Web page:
The price of natural gas (short term delivery) continued its rally throughout the previous week. The ongoing increase may have been due to the recent rise in demand for natural gas in the residential and commercial sectors. The EIA didn't publish its report last week so there is no update regarding demand, supply and storage. Based on the currently available information will natural gas continue to trade up? Let's examine the recent changes in the natural gas market.
During last week, the future price of Henry Hub (short term delivery) rose by 2.93%. Moreover, United States Natural Gas (NYSEARCA:UNG) also increased by 3.2%. The recent rally in the price of natural gas, may have contributed to the recent rise in major natural gas and oil producers' stocks such Chesapeake Energy Corporation (NYSE:CHK): During the previous week, shares of the company increased by 7.3%.
The chart below shows the developments in the price of natural gas during recent months. As seen, natural gas prices rose during recent weeks.
The EIA didn't release its weekly update most likely on account of Thanksgiving holiday. According to the previous report the underground natural gas storage is at 3,911 Bcf and there was a first extraction of 18 Bcf. The current storage for all lower 48 states is only 5.6% above the 5-year average and 1.8% above 2011 level. Due to the cold weather there might be additional extractions in the weeks to follow.
This means, if the 2012 storage buildup has ended, then the current storage level isn't much higher than last year's storage level and unless there will be smaller extractions than in the previous years the gap between current storage level and recent years' levels will continue to narrow.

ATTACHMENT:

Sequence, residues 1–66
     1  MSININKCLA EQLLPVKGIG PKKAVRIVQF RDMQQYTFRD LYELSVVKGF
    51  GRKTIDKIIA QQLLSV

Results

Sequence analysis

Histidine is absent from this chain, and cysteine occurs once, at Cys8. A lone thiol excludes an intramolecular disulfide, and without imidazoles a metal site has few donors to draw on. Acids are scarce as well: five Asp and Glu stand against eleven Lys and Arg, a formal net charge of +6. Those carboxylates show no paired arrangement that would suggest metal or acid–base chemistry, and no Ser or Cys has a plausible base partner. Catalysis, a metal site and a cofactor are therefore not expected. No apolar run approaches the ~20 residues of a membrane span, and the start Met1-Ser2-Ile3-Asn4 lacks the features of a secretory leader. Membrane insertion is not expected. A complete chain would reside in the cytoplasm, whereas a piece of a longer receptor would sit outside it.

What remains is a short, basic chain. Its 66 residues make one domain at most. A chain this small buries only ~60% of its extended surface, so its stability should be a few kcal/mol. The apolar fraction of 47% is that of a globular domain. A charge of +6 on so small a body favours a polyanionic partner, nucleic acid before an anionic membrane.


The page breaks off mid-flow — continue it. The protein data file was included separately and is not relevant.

According to a recent report, the natural gas rotary rig count increased again by 11 and reached 428 rigs. The recent moderate rise in number of rigs could suggest there is a chance in the direction of natural gas production.
The Contango Has Contracted
The recent rise in the prices of natural gas seems to have been anticipated in the future markets. The chart below shows the gap between the one month ahead future price (herein: short term) and the prices of two, three and four months ahead future prices. The sharp drop in the gaps tends to occur at the end of the short term contact (i.e. at the end of each month). As the gap between the short term price and the other future contracts expands, this suggests the market expects the price of natural gas will rise in the future.
During September and October and difference among these contacts reached their highest level this year so far. This could explain the sharp rise in the prices of natural gas during the past several months. Nonetheless, during November the gap among these contracts remained stable and hasn't risen. This could suggest the market has yet to determine if the prices of natural gas will continue to increase during the upcoming months. Perhaps as we will enter the winter, and the uncertainty around the expected demand for natural gas will dissipate (the "type of winter" is likely to determine the amount of natural gas consumed), then the market will reveal its expectations in the near future for natural gas prices.
Is the Weather Getting Colder?
There are mixed signals regarding the forthcoming weather. One report forecasts there will be normal weather during the week that could lower the demand for natural gas for heating purposes. Another report projects the weather will get colder in the next several days. This uncertainty around the weather, the unpublished EIA report could be responsible around the uncertainty in the future markets as indicated above.
According to the weather report, in the following days there could be a drop in temperatures mainly in the Midwest and Northeast. If this will be the case, the demand for natural gas could further rise.
So what's next for natural gas?
There still seem to be a seasonal shift that could lead to high volatility in the natural gas market and a rise in the prices of natural gas. The mixed signals regards in the direction of the weather in the near future, could curb the recent rally in the prices of natural gas. Nonetheless, I still think the general direction will continue to be upward. Therefore, there might be some corrections along the way but I still guess natural gas will further rise in the days to follow.
For further reading see "Will The Rally of Natural Gas Help Chesapeake?"